Did you know thatJanuary 17thhasbeen designatedas the day you're likelytoditchyourNew Year’sresolutions? We’re here to say “STOP, don’t do it!”But also, can we please make them better?Whether your resolutions are towalkmore, tostarta new hobby,or to get thatdreamproject off the ground, we’re here for you. It’s time to get serious. Here are our top tips for sticking to those resolutions beyond January 17th. As they say, a goal without a plan is just a wish. Let’s make 2020 the yearwe stop wishing and start planning.
Break goals down into bite-sized chunks
Let’s pick starting a new hobby. What does your end goal look like? If it’s towritethree times a week, then you can set up a recurring task to repeat on the days you’d like to write. If the end goal is to prepare for a big event, like a book reading or novel launch,use steps to break that mammoth task down into smaller tasks. And, don’t forget to add all the logistics like “register for book reading” in there too.
Break that write a book goal into smaller chunks
Make SMART tasks
Once you break those tasks into smaller chunks, you can implement the idea of SMART tasks – make them specific, measurable, achievable, relevant, and time-based. Be honest with yourself about how much time you can commit to each goal. Then, set due dates and make sure you can track your progress.
Give yourself room for failure
Taken a trip at the first hurdle and now you feel like you might as well give up? Don’t be so hard on yourself. Changing your habits aren’t easy and you can’t expect it to happen straight away. You might be trying to eat out less to save money, but you’re out of food and the shops are closed. Don’t worry about it – you can try again tomorrow. Give yourself some wiggle room. You can even plan it in. Give yourself some cheat passes each month. If you don’t feel like sticking to that resolution today, then tick off one of those cheat passes.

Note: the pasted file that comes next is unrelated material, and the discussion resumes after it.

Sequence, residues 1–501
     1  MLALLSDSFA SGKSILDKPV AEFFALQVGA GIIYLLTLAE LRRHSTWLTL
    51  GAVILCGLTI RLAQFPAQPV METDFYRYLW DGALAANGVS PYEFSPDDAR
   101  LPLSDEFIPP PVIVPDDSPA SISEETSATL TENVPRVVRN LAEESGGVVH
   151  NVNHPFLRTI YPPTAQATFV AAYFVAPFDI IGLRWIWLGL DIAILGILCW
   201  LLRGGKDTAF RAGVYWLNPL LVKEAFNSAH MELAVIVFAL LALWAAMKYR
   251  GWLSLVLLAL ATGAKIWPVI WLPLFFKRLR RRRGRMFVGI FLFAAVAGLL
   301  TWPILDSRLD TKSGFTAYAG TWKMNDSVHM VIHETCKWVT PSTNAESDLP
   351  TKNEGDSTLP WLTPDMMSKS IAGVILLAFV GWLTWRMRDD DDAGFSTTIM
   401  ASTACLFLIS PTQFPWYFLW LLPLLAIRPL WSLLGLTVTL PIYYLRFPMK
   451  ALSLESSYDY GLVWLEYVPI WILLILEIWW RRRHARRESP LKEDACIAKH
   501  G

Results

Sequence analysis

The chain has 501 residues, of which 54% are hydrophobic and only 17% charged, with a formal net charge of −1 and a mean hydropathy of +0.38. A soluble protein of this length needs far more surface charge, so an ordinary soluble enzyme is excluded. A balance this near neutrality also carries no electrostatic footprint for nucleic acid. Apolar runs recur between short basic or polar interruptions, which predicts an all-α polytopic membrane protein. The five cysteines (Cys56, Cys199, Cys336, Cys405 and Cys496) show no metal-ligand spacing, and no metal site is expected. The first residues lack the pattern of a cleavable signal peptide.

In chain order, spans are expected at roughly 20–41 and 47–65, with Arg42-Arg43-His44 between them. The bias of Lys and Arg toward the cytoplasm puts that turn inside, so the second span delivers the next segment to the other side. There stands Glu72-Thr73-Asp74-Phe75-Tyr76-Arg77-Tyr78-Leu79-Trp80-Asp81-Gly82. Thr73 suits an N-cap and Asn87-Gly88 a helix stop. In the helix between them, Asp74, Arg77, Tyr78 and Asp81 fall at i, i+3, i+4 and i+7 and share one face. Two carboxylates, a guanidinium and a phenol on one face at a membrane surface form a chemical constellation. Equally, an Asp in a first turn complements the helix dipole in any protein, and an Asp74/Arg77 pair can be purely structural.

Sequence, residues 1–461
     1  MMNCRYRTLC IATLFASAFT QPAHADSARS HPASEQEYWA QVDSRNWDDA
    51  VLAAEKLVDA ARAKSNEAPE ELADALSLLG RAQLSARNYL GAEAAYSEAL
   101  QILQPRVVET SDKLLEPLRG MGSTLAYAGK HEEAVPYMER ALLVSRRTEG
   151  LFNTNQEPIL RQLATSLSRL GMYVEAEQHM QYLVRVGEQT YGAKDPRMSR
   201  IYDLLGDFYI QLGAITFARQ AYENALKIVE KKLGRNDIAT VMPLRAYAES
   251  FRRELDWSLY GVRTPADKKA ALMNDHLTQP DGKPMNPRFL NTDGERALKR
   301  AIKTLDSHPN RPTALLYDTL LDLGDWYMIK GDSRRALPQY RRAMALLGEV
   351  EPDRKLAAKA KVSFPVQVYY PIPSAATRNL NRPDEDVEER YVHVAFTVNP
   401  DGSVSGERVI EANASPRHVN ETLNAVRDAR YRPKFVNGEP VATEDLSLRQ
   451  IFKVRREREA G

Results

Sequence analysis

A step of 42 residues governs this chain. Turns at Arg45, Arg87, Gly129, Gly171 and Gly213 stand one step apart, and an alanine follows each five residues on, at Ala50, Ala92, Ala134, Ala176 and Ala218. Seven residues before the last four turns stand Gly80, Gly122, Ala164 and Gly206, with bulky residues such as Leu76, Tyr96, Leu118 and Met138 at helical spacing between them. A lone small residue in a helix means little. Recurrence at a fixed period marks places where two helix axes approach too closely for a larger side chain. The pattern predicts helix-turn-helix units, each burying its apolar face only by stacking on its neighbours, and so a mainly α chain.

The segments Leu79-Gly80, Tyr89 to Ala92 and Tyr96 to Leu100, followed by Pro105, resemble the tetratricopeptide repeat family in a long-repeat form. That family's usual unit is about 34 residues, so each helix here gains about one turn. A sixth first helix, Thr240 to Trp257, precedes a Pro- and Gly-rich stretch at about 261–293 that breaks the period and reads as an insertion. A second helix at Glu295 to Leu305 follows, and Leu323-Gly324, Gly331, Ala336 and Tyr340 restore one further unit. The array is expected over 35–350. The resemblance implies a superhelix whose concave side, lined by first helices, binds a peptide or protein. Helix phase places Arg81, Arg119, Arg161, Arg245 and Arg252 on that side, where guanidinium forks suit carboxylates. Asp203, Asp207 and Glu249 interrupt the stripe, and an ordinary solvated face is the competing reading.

Plan to fail
Acknowledge that change takes time
Perhaps we should call them New Year’s evolutions, not resolutions. Are you an introvert who’s decided to meet more people this year? Starting right away with a plan to go out every night and talk to 5 new people will quickly lead to burnout. Set yourself weekly or monthly incremental goals. Start with a goal of going for lunch with one new colleague each week.Once you’re comfortable with that, start on the next goal, stretching yourself a little more each time.
Make incremental goals
Give yourself visual reminders
If your resolution is to save money for thevacation of a lifetime, change the background of your list to reflect it or add a related emoji to the beginning of your list. Give yourself visual reminders. You can also associate each money-saving accomplishment with checking off a new goal for that vacation. “When I’ve saved $100, I can research exactly where I want to go.” Plan in small treats each time you hit a new milestone to celebrate the small wins.
Give yourself a visual reminder
On a side note, did you know that having clear weekly meal plans and set grocery lists that you don’t deviate from have both been proven to save money? That,and never going to the supermarket hungry, of course.
Finally, don’t do it alone. Get an accountability buddy for each area you want to work on. Telling someone elseyourgoal has been shown to increase the likelihood of sticking with it. So have a think about who you’d like as your accountability buddy. We’ll talk more about accountability buddies in a future post.
That’s it from us. Here are a couple of tips from over on Twitter.
:raising_hands:Stick to a habit and use repetitive tasks in todo
:raising_hands:Choose wisely what to do with your day using the MY DAY feature
:raising_hands:Review your Long term goals (I have them in a special list) and ask yourself from time to time what you do on a regular basis to achieve them.